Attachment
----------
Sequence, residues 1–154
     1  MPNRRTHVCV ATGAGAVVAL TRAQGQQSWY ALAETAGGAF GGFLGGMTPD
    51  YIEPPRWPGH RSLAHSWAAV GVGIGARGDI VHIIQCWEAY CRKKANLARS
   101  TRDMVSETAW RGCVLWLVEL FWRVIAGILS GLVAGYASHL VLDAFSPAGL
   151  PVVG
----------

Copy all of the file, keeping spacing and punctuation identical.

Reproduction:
Sequence, residues 1–154
     1  MPNRRTHVCV ATGAGAVVAL TRAQGQQSWY ALAETAGGAF GGFLGGMTPD
    51  YIEPPRWPGH RSLAHSWAAV GVGIGARGDI VHIIQCWEAY CRKKANLARS
   101  TRDMVSETAW RGCVLWLVEL FWRVIAGILS GLVAGYASHL VLDAFSPAGL
   151  PVVG